Could you be saving money on your product development programme?

A couple of years ago I was introduced to a company who specialise in accessing government grants and allowances for companies who invest in research and development. I honestly expected their client list to be confined to businesses like Dyson or serious research companies working in artificial intelligence. But I was really surprised to find that their clients included small businesses going about their normal day to day product development.

The government scheme is aimed at SMEs and it pays companies through allowances or reductions in their Corporation Tax bills. But the most shocking thing is that apparently, 80% of eligible businesses have not claimed a penny because they just don’t realise that their activities could qualify. HMRC have said that they think there are about 200,000 qualifying companies but for 2016 they received claims from only 37,000 SMEs.

On some eligible development projects, the grants could be worth up to 33% of the project costs and the average claim is around £53,000 per year. It’s possible to backdate claims for two years and even if the business is loss making, the claim could be paid out in cash or used to offset profits in future tax years.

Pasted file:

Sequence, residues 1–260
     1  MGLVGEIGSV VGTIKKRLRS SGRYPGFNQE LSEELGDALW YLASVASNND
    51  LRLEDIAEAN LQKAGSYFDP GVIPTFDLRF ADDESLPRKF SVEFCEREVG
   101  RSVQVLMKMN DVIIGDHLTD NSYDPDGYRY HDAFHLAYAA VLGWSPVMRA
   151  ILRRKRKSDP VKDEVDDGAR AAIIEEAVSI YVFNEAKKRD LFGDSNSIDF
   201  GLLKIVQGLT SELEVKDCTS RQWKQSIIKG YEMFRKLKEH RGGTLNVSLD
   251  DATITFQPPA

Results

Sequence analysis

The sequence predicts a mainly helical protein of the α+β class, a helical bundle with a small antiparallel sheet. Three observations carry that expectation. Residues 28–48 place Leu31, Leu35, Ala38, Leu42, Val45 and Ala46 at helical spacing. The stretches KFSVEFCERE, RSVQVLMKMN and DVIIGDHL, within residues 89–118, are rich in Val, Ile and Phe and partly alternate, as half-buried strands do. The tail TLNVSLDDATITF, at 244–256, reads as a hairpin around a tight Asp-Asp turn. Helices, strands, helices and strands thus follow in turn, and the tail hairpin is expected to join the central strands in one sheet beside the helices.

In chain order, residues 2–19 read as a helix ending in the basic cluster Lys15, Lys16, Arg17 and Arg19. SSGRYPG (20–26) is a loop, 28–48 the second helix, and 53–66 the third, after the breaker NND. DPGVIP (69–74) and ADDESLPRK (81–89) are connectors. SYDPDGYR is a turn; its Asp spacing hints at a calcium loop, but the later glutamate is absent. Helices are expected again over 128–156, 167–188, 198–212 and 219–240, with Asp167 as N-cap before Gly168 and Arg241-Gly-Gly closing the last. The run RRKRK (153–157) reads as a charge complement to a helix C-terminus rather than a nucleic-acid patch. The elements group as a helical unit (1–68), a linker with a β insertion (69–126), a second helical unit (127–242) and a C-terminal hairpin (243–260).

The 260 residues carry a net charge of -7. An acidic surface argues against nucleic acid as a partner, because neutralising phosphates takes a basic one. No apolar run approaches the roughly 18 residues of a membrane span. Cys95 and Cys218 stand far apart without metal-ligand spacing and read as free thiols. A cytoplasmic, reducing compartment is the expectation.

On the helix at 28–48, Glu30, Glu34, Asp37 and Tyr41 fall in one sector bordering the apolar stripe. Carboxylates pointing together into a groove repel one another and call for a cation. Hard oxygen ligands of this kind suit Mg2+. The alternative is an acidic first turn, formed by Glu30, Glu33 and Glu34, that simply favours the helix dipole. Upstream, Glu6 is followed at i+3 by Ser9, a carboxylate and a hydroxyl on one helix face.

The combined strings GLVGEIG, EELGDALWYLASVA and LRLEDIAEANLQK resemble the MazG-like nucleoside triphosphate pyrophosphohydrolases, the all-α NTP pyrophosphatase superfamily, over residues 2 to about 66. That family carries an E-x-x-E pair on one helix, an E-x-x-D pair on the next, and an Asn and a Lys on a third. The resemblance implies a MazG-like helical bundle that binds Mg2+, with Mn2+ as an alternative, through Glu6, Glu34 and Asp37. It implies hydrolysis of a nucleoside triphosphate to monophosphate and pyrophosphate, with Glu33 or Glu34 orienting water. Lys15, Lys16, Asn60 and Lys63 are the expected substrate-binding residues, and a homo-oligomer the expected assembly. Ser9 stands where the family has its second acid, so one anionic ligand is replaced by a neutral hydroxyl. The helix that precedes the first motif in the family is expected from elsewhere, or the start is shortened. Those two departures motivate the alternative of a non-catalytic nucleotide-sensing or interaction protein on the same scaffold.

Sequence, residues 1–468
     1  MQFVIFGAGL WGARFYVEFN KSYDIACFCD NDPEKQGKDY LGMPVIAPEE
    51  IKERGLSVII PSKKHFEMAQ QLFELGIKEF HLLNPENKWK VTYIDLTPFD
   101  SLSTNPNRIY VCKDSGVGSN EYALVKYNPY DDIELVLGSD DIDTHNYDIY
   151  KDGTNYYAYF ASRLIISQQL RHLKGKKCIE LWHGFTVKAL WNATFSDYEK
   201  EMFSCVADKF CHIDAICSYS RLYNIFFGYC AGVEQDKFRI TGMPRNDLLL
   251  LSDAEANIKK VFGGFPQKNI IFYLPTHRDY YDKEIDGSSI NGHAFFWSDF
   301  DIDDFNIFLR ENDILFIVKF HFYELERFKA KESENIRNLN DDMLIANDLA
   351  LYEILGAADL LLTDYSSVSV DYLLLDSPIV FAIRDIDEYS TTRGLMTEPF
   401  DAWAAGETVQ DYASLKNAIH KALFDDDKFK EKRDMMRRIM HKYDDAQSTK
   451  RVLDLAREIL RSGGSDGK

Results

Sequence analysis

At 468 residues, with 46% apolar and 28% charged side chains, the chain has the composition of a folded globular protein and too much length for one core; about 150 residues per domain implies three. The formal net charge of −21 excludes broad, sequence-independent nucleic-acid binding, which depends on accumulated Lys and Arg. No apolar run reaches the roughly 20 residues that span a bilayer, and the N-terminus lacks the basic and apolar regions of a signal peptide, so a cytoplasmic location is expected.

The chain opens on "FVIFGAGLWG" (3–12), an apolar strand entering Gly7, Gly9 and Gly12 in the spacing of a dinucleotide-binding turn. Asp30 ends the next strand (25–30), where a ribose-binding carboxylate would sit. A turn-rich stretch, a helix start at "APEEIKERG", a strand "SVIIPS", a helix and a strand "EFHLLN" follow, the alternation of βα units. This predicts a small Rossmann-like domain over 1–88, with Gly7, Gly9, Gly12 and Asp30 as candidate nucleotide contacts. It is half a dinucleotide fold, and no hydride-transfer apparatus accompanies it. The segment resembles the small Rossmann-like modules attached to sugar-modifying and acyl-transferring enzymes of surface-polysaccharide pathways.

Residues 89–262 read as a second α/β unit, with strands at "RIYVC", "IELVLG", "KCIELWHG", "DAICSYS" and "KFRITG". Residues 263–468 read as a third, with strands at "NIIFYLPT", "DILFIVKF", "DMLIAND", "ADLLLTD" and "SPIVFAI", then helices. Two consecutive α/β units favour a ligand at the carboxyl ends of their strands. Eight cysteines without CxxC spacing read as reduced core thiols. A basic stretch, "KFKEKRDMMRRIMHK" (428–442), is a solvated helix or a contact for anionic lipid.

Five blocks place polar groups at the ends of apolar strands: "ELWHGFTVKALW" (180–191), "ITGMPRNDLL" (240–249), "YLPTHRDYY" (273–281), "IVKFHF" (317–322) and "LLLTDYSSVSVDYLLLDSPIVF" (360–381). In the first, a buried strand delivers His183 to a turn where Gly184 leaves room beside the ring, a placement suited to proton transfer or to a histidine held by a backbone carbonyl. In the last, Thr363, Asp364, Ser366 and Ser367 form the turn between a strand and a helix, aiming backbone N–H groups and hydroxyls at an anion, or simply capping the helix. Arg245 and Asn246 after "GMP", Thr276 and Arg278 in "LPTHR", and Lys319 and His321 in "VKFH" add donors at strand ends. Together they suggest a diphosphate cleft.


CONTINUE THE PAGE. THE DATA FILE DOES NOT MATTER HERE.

So why are companies missing out? It’s probably because the scope of the scheme is much broader than is immediately obvious – generally it will be down to the Finance team in the organisation to spot such opportunities and they are probably already stretched to breaking point. Like me, they would probably assume that only scientific research and development would be eligible – but in fact these makes up less than 5% of all claims.

Successful claims are made each year for a diverse range of projects – any new advances in technology, new technical capabilities, improvements in product design and new or improved manufacturing process. Even projects that ultimately fail qualify. All project costs are taken into account – including staff time and even management costs.

You can find out about the basics by checking the relevant  website pages but I would recommend engaging with a specialist consultancy who can help you to really maximize your claim. Their experience will be invaluable in ensuring that you identify the projects that qualify and then capture absolutely all the associated costs. All the advice I’ve seen encourages the use of a specialist consultancy NOT a general tax or accountancy practice who are unlikely to have a full appreciation of the schemes. The specialist consultancies all take a fee, of course, but these are likely to be on a ‘no win no fee’ basis and on a relatively small percentage of the resultant claim. So almost invariably worth it – after all, which of us has the time to fully research and understand the scheme, and then extract all the information required and make the application, answer follow up questions and do all the admin?

The precise impact on the scheme from Brexit seems, predictably, to be under some debate but the good news is that there is a great deal of optimism  and most commentators are confident that the scheme will survive and may even be enhanced after March 2019.



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